While digitizing PA transactions would help—currently only 21% are electronic, the lowest of all claims transactions—and provider “gold card” systems could reduce some of the burden, these measures don’t go far enough because they ignore the root cause. That means payers who invest heavily in temporary solutions today will likely find themselves forced to invest more down the road.
Instead, we need a comprehensive approach that addresses bottlenecks at the primary source: the decision-making process.
AI Decision-Making Offers a Viable Solution
AI-powered predictive decision-making can offer a future-ready solution with the potential to enable real-time PA decisions, drastically reduce turnaround times, accelerate patient care, and improve outcomes.
Unlike conventional rules engines that look at whether PA submissions and clinical documentation meet specified criteria, the AI approach to PA relies on payer administrative data to conduct instant reviews based on historical decisions. By examining several years’ worth of decision history and building a predictive model based on that data (e.g., diagnosis, procedure requested, provider source, etc.), algorithms can automatically approve PA requests and route only the truly complex cases for manual review.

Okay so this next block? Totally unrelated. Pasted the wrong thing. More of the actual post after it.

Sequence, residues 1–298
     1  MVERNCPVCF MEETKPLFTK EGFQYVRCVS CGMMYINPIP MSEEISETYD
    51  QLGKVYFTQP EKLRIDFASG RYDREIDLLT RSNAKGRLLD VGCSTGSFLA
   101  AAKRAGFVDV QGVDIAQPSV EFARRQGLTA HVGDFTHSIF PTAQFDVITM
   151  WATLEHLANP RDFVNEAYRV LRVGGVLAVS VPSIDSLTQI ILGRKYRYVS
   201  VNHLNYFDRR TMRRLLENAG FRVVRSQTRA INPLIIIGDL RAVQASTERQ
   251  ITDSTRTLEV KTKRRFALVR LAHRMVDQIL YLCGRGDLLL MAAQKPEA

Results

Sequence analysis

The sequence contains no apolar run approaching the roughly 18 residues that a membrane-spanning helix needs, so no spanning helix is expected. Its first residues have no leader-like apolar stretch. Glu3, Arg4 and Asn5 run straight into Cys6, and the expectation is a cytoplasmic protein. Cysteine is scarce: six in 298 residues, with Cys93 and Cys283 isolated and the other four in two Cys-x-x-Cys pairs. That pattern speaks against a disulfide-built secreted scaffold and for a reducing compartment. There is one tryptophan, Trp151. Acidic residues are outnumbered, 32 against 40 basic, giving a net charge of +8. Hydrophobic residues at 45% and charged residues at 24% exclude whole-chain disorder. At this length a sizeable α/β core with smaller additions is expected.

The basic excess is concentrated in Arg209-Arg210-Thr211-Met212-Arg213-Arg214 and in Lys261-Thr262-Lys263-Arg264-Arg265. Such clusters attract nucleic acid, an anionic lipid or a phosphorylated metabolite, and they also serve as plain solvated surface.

In John’s case above, if a payer historically approves 95% of MRI requests coming from John’s orthopedic surgeon, why spend the time and money on a clinical review? Rather than controlling utilization costs, John’s situation actually drives up administration cost, causes frustration for the provider and the member, and delays care, potentially forcing additional, more costly interventions. AI can optimize the request reviews, creating a streamlined process that gets patients like John the care they need, when they need it.
AI: An Immediate Solution that Serves Payers, Providers & Patients